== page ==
A sodium chloride aqueous solution saturated with calcium hydroxide and its gel solution were used as simulated concretes for investigating electrochemical behavior of corroded steel in concrete. Results obtained are as follows: (1) From cathodic polarization measurements of platinum in the gel solution, the gel solution was considered to act as an uniform diffusion layer for dissolved oxygen. The effect of concrete cover is evaluated experimentally by changing the thickness of the gel solution and theoretically by applying the finite element method. (2) The polarization resistance of steel increased with decreasing cathodic potential until it reached its maximum at a specific potential, showing that the anodic resistance increases and the effect of cathodic protection can be estimated by this value. (3) The changes of pH and chloride-ion concentration on the surface of steel were investigated after the polarization current had been applied on the steel. In the gel solution pH decreased with anodic polarization and increased with cathodic polarization, but in the aqueous solution pH was independent of polarization. In both the aqueous and gel solutions chloride-ion concentration was independent of polarization under the experimental conditions investigated. This phenomenon was explained by considering mass balance of chemical species in the solution close to the surface of steel. Above results show that the gel solution is more adequate as an simulated concrete than the conventional simulated solutions.
The corrosion behavior and corrosion mechanism of air-preoxidized carbon steel have been investigated in concentrated LiBr solution at elevated temperature. The structure and composition of the surface films before and after corrosion were analyzed by XRD, AES, SEM and XPS. The air-preoxidized treatments at above 673K are effective in reducing corrosion weight loss about one order of magnitude in LiBr solution with Li2MoO4 inhibitor. Mass loss of the carbon steel air-preoxidized at 673K does not depend on the presence of Li2MoO4 in the LiBr solution, because the films have no defects. Mass loss of carbon steel air-preoxidized at 573K varies within a range in LiBr solution with Li2MoO4 which is due to defects of the preoxidized film. However, the maxium variation is not larger than that of no-preoxidized carbon steels. The oxide films both before and after corrosion are composed of Fe3O4 and α-Fe2O3. After corrosion, in the case of preoxidation at 573K, concentrated Mo layer which was observed at the oxide films/solution interface above 673K, is not observed in the oxide films. Li2MoO4 in the LiBr solution can repair the defects in the air-preoxidized film. The relationships between the corrosion behavior and surface film structures are considered using an interfacial ion-selective diffusion layer.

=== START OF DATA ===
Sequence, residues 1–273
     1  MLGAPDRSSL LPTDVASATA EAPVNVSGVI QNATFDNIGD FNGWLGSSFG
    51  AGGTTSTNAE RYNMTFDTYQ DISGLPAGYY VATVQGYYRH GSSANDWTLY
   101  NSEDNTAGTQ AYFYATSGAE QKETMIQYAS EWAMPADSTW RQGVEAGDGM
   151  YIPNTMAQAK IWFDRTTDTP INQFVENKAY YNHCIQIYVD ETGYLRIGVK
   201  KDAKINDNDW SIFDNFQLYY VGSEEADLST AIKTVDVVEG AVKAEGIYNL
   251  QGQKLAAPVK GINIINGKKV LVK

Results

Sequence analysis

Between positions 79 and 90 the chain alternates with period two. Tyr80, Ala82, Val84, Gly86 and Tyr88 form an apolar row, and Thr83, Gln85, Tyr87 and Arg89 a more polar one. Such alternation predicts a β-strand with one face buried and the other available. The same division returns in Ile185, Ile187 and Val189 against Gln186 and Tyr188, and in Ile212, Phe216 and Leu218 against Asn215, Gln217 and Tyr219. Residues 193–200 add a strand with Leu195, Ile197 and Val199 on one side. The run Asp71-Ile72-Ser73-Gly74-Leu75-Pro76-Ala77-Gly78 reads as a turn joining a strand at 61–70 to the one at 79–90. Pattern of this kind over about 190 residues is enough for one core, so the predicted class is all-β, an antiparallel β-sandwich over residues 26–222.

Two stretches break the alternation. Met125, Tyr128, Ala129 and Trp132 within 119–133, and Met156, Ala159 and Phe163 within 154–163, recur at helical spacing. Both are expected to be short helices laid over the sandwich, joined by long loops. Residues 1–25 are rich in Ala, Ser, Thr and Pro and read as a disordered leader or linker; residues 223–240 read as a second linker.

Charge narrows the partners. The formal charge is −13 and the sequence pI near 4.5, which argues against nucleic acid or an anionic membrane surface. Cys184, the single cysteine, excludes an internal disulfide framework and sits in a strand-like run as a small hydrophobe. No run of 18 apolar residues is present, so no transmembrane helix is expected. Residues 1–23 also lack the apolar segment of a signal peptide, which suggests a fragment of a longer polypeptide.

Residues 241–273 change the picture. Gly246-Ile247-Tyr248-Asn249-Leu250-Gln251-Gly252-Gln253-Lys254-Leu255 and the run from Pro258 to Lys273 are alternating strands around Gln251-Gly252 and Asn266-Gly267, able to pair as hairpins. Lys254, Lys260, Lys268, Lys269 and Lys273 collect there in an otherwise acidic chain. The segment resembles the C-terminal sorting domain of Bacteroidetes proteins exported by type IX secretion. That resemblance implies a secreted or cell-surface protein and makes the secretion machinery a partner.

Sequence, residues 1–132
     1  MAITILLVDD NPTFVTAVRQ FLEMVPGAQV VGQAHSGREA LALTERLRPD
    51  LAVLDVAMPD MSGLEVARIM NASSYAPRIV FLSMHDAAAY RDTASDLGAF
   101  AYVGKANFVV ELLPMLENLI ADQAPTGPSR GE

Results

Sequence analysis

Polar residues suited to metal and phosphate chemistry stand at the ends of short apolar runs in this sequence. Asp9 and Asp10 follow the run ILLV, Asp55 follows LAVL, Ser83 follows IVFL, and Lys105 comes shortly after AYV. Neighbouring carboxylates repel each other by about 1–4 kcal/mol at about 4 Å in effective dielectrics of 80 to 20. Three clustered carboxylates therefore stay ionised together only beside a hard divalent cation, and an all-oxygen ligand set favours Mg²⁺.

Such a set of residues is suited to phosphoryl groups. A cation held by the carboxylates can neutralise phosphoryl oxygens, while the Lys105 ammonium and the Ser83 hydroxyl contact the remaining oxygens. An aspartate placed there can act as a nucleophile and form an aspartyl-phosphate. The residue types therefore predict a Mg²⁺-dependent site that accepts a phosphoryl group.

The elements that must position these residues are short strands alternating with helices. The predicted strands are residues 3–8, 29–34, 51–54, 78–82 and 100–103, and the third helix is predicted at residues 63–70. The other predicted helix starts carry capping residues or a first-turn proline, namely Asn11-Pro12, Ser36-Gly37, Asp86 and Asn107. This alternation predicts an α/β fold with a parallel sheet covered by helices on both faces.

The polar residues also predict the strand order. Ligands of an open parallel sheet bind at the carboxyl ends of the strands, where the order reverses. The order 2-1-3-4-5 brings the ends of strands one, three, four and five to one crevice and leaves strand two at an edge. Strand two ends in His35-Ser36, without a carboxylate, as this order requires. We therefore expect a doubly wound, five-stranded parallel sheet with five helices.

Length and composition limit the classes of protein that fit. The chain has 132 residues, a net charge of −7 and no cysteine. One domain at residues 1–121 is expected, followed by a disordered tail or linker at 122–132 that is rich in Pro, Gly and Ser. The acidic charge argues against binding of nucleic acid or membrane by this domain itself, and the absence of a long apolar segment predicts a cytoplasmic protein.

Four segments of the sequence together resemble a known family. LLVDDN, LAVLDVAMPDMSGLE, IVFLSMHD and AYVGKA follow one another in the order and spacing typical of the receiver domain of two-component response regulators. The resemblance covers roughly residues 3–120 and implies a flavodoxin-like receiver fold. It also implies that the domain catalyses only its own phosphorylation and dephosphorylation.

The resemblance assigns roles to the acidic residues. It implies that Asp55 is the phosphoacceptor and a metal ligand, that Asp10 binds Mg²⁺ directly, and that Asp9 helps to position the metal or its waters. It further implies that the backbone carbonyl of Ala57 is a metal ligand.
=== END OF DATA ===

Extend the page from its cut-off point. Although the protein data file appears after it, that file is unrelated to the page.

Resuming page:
In order to improve the ability of ceramics to withstand cavitation attack, two schemes were tried. One was to strengthen the bulk of ceramics through preparing powder of very fine aluminum oxide particles with uniform diameter, which was casted tightly by applying centrifugal force on it before sintering. The alumina ceramics manufactured by this method had a fracture toughness twice that of current alumina ceramics, resulting in a cavitation erosion rate as low as one sixth of that of current alumina ceramics. The other was the dynamic ion mixing method where a very hard and adherent layer of titanium nitride was built on the surface of a base metal of austenitic stainless steel (SUS 304) by implanting nitrogen ion in it and depositing titanium on it simultaneously. The titanium nitride layer of 10μm thickness on the metal had a Vickers hardness of 3500, and prolonged the incubation period of the composite material by fifty times that of base metal. It was discussed that manufacturing cost, characteristics of the materials as well as the level of size precision should be taken into account when these newly developed materials are put in the material selection for hydraulic machine parts.